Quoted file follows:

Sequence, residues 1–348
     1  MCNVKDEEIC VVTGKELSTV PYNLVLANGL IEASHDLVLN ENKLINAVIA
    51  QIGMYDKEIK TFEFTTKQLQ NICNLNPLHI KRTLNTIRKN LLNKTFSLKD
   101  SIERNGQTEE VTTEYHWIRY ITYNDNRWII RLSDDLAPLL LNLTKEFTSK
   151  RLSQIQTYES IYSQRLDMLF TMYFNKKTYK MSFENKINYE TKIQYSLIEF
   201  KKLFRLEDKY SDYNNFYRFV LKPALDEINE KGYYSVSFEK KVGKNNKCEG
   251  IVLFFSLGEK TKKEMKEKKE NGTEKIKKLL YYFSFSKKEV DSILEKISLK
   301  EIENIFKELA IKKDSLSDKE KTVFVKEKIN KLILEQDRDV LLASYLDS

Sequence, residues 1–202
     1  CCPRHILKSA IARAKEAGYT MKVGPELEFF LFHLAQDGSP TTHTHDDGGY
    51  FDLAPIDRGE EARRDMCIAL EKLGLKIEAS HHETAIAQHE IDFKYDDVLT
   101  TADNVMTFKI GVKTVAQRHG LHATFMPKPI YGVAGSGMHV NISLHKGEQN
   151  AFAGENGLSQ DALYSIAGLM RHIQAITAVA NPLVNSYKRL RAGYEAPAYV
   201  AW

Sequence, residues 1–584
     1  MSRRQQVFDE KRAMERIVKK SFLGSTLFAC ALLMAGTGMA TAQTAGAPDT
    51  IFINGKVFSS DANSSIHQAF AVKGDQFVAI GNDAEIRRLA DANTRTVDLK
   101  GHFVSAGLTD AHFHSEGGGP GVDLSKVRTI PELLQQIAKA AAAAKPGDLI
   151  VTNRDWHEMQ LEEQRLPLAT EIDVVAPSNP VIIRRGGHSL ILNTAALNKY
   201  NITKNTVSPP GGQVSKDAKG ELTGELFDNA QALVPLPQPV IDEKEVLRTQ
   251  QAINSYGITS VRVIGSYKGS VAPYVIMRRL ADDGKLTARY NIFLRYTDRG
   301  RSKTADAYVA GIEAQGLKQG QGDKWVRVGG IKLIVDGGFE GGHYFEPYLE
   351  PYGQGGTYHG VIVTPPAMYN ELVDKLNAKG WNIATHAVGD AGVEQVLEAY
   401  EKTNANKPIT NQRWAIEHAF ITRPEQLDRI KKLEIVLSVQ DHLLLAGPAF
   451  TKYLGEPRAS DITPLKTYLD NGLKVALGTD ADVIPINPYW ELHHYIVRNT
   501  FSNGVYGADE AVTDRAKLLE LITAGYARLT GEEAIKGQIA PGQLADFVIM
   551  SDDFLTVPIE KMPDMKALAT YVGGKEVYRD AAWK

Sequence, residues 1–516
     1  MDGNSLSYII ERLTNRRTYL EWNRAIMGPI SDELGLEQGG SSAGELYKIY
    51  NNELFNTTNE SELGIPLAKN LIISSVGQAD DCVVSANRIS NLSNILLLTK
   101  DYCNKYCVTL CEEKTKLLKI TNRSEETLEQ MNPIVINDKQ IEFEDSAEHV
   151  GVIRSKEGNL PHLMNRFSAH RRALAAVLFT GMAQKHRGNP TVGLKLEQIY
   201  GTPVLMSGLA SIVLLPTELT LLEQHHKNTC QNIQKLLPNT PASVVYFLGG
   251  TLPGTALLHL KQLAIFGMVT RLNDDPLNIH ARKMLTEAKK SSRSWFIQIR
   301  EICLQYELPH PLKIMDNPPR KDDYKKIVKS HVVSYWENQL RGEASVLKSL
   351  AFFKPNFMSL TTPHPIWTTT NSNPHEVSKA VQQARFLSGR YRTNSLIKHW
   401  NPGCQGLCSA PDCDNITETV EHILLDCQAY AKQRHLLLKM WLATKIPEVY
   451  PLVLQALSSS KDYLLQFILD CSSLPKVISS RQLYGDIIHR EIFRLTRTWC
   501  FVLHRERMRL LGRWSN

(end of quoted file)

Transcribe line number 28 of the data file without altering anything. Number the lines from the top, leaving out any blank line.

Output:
Sequence, residues 1–516